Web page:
In its federal budget proposal for 2018, Nigeria has allocated NGN 13.12 billion ($36 million U.S.) as a payment for an order for three JF-17 Thunder multi-role fighters – along with support equipment and spare parts – from Pakistan Aeronautical Complex (PAC).
This follows an earlier allocation in 2016 worth NGN 5 billion ($13.9 m U.S.).
Nigeria’s budget proposal confirms that the Nigerian Air Force’s order for three JF-17s is still in place, but it is being executed through installments paid in cash. The Nigerian Air Force, PAC and Aviation Industry Corporation of China (AVIC) have yet to release a timeline for deliveries.
In its budget proposal for 2017, Nigeria had earmarked $68.76 million U.S. for platforms for “counter air, counter surface, air ops for strategic effect and air support operations.”
It appears that the JF-17 is sharing the allocation with the Russian Helicopters Mi-35M, for which Nigeria took delivery of two and has 10 on order (with delivery slated for 2018), and potentially 12 A-29 Super Tucano turboprop-powered close air support (CAS) and light-strike aircraft.
In August 2017, the U.S. State Department greenlit a proposal worth $593 million U.S. to sell A-29 Super Tucanos to Nigeria. In December 2017, the U.S. submitted a letter-of-acceptance (LOA) to the Nigerian Air Force to finalize the purchase and issue initial payments by February 2018.
In July 2017, the Nigerian Air Force started taking delivery of the Super Mushshak trainers it ordered from PAC in 2016. PAC delivered five new-built aircraft, replacing the interim aircraft it had lent in December 2016. Nigeria has a total of 10 Super Mushshak on order.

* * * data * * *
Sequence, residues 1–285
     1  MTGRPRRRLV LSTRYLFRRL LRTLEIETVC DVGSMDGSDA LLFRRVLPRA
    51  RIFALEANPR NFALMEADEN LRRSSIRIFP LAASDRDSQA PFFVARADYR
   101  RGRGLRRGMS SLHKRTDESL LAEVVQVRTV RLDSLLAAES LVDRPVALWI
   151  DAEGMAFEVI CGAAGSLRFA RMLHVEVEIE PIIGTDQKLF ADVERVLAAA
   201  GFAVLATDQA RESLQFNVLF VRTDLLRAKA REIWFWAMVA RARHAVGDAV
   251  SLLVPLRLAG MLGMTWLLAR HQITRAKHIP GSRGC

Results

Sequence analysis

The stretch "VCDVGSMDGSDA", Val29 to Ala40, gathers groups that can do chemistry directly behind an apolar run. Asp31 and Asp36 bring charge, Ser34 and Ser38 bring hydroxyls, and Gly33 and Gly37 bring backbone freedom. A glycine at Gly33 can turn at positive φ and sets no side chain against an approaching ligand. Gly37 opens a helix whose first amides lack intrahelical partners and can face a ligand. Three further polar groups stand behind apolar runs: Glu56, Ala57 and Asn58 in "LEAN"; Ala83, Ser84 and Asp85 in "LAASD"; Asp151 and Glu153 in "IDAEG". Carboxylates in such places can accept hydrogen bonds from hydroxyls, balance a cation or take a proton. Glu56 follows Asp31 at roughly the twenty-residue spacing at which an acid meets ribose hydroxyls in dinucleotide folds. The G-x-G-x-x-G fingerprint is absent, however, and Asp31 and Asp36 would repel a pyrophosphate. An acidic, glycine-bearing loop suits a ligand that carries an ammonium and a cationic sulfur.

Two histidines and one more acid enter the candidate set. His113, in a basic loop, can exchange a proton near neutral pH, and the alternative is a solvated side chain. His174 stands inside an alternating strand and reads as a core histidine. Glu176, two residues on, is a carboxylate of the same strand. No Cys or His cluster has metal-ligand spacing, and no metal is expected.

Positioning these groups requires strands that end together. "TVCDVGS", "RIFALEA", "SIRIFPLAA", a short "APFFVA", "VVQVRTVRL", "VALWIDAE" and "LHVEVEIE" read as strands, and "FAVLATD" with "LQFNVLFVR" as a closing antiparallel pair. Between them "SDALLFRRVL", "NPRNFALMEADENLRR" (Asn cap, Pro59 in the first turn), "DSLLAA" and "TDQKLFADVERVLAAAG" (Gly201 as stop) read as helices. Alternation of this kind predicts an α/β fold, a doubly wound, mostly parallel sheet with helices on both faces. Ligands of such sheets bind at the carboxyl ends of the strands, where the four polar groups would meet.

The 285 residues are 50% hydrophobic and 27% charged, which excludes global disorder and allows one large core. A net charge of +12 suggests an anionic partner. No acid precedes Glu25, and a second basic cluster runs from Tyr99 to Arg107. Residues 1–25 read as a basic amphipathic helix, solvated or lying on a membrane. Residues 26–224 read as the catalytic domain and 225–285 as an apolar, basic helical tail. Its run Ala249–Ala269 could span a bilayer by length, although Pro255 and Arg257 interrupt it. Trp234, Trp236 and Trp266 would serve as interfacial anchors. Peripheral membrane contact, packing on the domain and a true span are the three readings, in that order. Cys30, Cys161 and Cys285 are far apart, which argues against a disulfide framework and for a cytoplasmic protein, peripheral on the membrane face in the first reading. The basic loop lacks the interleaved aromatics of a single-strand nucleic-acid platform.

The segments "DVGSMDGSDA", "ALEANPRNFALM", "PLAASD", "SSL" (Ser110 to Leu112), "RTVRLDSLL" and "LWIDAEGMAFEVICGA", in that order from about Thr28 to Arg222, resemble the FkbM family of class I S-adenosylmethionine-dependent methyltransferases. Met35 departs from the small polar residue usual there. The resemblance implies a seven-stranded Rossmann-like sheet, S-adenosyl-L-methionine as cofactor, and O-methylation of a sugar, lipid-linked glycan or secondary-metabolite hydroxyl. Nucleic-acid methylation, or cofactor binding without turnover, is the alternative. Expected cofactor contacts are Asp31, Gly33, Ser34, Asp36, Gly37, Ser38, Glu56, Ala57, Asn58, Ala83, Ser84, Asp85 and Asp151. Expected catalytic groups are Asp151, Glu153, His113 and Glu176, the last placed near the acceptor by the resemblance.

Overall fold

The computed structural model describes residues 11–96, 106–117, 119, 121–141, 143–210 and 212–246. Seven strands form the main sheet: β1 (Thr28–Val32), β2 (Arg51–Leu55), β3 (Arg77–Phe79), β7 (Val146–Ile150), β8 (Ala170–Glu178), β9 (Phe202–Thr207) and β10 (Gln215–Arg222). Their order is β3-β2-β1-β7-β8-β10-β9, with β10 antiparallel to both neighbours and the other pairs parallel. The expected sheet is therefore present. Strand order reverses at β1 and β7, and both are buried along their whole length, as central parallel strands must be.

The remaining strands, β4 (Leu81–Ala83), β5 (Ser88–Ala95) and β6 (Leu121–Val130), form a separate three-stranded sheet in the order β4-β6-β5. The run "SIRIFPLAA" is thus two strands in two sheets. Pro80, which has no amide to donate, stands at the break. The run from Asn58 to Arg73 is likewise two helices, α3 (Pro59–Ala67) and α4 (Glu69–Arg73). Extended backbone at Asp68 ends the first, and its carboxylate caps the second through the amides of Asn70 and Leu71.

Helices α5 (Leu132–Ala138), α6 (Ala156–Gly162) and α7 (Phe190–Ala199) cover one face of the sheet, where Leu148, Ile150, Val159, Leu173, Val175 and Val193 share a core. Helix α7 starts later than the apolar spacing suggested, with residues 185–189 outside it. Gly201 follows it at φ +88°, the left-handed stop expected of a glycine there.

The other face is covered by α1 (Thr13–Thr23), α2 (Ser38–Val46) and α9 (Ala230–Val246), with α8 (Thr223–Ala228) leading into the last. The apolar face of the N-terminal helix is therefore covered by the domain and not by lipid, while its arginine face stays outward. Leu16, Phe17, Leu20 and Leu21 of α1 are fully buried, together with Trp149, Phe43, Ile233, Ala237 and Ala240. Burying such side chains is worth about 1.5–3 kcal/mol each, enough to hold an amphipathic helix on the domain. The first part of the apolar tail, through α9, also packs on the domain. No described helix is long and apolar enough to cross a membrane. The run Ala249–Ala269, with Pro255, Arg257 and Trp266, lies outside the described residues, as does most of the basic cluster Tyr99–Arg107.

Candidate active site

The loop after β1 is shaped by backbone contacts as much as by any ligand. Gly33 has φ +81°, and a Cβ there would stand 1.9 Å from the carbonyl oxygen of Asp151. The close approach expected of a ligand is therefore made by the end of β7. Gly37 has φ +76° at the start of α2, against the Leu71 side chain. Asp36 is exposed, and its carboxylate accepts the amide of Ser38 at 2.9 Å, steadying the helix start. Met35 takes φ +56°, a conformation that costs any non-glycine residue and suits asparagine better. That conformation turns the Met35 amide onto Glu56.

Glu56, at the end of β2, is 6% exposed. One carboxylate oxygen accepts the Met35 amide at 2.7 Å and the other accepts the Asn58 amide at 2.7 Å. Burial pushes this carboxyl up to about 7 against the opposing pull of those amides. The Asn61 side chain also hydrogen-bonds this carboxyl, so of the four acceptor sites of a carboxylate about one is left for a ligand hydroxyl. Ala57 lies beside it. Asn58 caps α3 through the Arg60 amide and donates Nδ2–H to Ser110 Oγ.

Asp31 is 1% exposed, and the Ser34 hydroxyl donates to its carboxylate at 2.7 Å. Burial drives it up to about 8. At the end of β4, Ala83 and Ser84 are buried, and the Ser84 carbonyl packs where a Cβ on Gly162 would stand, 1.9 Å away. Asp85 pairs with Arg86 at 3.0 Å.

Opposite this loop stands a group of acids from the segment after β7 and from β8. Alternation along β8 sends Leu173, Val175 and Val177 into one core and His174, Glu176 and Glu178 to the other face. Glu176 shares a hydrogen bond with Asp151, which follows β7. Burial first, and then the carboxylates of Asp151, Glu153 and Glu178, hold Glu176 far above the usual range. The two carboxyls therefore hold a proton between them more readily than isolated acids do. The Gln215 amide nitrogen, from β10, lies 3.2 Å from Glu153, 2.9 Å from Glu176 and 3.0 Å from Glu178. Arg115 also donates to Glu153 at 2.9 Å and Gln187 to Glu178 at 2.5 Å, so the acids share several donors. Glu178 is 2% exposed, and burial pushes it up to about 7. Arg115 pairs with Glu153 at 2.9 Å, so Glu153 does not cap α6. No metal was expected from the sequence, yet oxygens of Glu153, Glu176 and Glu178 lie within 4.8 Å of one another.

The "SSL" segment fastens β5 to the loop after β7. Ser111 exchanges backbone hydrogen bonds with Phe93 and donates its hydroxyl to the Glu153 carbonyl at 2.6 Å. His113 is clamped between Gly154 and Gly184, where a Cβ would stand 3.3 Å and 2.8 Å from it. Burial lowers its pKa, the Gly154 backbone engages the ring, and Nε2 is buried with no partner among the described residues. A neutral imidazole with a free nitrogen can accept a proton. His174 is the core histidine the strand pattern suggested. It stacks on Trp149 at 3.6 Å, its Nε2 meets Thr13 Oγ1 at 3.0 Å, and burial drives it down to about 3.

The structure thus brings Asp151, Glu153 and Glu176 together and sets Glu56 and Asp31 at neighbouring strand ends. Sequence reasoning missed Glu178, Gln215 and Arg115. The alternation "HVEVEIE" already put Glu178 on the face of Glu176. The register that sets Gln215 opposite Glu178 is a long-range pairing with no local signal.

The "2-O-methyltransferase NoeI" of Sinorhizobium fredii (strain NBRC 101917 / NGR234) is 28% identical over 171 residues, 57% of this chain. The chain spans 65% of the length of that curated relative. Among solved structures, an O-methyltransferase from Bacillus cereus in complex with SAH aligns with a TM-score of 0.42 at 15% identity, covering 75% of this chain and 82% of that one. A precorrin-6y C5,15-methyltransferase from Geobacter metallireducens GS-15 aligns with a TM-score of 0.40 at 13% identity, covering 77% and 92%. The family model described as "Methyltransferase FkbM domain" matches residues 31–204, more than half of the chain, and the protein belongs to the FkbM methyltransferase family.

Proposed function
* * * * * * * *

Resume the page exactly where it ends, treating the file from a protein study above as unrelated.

On the surface, it would seem as though the JF-17 is factoring as a lower priority on the Nigerian Air Force’s procurement roadmap, certainly in comparison to the A-29 (which is to have a launch order of 12 planes).
However, defence analyst, historian, writer and retired Pakistan Air Force (PAF) officer Air Commodore (AC) Kaiser Tufail told Quwa that he believes there is a strong rationale for the small launch order:
“Nigerian Air Force has taken an incremental approach to the induction of the JF-17. Considering the fact that it does not operate an advanced modern fighter other than a dozen F-7NI (a variant of F-7MG), it seems sensible to have ordered three-odd JF-17, on which maintenance crews would get trained, followed by pilots that will form the core and be available for follow-on inductions.
Tufail added that incremental purchasing also makes fiscal sense, “Financially, it also makes sense to stagger the purchase so that it can be funded from within own resources, rather than overburdening the economy by taking loans.” In addition, by committing a few Block-IIs for a start for primarily acclimation, Tufail stated that Nigeria can stage the bulk of its future procurement for the forthcoming JF-17 Block-III:
“From an operational standpoint, a small purchase of the existing Block-II aircraft leaves open the option of inducting Block-III, which is likely to be available in about two years or so. During this time the NAF would have set up the basic infrastructure and trained sufficient pilots to induct the more advanced version of the JF-17.”
Finally, with PAC mostly focused on fulfilling the requirements of the PAF (i.e. fulfilling the PAF’s objective of supplanting a 190 aircraft by 2020), a small export order is sustainable:
“While the NAF may not be ready to induct the JF-17 en masse for the above-stated reasons, PAC Kamra is also constrained by its production capacity, as it has to cater for the PAF which needs to replace its older fleet of Mirage III/5 and F-7 at the rate of one squadron per year. Apparently, the small initial order suits PAC quite well, since the export orders have finally started, and more countries in Asia and Africa are likely to take the cue from NAF.”
Nigeria will join Myanmar as the second third-party user of the FC-1/JF-17 platform. Myanmar signed its order for 16 FC-1 during the 2015 Paris Air Show. Myanmar’s first FC-1 was spotted undergoing flight tests in China in June 2017.